Consumers no longer have to wait for distorted tunes from music boxes passing through their neighborhood to know when ice cream will be delivered to them. In addition to all the ice cream available on third-party delivery platforms, British consumer packaged goods (CPG) giant Unilever is redesigning the ice cream truck with multiple robotic upgrades.
In early May, the company announced a partnership with Robomart, which creates mobile stores that can be spindly in the style of Uber or Lyft, to offer on-demand ice cream from Unilever brands – including Ben & Jerry’s, Talenti and Breyers – in an initiative called The Ice Cream Shop.
On Wednesday, May 25, Unilever announced an expansion of this digital storefront in partnership with drone delivery company Flytrex to offer ice cream delivery via skyway in all markets in which Flytrex operates (Holly Springs, Fayetteville and Raeford, North Carolina , and Granbury, TX).
In an interview with PYMNTS, Russel Lilly, general manager of Unilever North American Ice Cream, noted that both partnerships aim to give customers “ease of access, a seamless experience and a new way to enjoy frozen treats.” . With this drone delivery partnership, the company aims to get a sense of how consumers behave when the technology is available.
“We are excited to work with Flytrex to find out how consumers are using drone delivery for their ice cream needs,” Lilly said. “We will continue to seek opportunities to expand our assortment of products offered through The Ice Cream Shop, and opportunities for geographic expansion as Flytrex expands its footprint in the United States”
He added that the company is considering other types of automated execution and is considering the possibility of using virtual reality (VR) to enhance the experience.
Unilever isn’t the only company reimagining the ice cream truck for today’s smartphone-dependent consumers. In a few dozen towns in New Jersey, for example, consumers can get an on-demand ice cream truck, the so-called Scream Truck, to come home by signing up for alerts and texting a designated number. to reserve a place.
Additionally, snack company KIND on Wednesday announced a promotion offering its “FROZEN Treat Bars” via an ice cream truck-style vehicle – but rather than relying on consumers stumbling across the vehicle, the company is taking advantage social media to provide regular updates on the location of the truck.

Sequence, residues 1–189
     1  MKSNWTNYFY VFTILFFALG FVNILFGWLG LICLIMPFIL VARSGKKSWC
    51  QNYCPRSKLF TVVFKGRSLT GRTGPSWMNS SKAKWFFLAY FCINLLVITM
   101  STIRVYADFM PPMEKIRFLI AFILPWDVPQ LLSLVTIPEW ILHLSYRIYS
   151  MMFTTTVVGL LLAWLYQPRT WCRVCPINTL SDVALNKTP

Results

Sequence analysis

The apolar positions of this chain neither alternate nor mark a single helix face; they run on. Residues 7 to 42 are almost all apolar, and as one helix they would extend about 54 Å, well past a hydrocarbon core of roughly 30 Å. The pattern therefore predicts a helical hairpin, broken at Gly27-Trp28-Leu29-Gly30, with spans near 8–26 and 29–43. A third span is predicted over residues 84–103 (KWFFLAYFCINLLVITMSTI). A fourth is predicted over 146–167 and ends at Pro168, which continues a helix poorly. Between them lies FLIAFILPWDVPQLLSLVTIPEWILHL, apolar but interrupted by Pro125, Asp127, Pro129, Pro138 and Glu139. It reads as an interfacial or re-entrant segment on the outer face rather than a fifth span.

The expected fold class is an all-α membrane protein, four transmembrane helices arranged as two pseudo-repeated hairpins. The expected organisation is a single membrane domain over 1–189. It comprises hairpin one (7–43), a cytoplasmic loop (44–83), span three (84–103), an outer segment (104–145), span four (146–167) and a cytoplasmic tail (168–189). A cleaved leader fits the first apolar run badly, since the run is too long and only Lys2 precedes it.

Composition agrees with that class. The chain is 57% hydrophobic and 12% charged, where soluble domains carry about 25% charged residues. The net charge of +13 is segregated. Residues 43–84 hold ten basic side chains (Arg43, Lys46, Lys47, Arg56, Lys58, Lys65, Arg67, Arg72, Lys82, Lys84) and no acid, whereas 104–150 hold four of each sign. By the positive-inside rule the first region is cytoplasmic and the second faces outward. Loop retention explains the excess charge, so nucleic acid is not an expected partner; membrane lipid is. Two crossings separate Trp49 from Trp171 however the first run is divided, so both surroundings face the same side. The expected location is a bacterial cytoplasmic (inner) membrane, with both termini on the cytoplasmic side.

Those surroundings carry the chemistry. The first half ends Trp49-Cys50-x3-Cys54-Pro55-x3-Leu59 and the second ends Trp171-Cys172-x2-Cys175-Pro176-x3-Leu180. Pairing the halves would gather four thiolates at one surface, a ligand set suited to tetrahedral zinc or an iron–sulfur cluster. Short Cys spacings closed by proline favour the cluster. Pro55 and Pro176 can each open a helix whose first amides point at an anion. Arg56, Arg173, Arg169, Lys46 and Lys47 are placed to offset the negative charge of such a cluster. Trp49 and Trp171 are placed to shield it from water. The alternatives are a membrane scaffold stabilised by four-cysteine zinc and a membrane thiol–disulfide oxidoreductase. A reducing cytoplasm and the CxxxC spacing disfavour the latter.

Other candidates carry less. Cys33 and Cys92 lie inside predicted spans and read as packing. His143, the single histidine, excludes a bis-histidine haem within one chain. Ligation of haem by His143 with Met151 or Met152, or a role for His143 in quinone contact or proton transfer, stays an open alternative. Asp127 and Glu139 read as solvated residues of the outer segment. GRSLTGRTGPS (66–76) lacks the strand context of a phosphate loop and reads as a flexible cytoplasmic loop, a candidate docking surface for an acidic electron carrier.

Overall, the way consumers meet their summer dietary needs is changing. Outdoor dining areas established in the early months of the COVID-19 pandemic, which proved popular with diners, remain available more than they were before the outbreak, with many municipalities granting legal permits for their maintenance.
“Restaurant owners are really nimble, and they like to be creative and experiment,” Andrew Robbins, co-founder and CEO of Paytronix, said Karen Webster of PYMNTS in an interview last spring. “If someone learned that they can set up a Tiki bar in their parking lot on a Friday night and pack more people than they can fit inside, then they’re going to set up a Tiki bar in the parking lot every Friday night. This creativity will stay.
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When it comes to the ice cream truck, it’s likely that more technological variations of the classic will emerge in the near future.
“It’s really amazing when I think about how delivery services and automated technologies have evolved in recent years, especially when it comes to on-demand delivery,” Lilly said. “If we could have ice cream delivered from the sky in 2022, I can only imagine what’s possible in 5, 10 or 15 years.”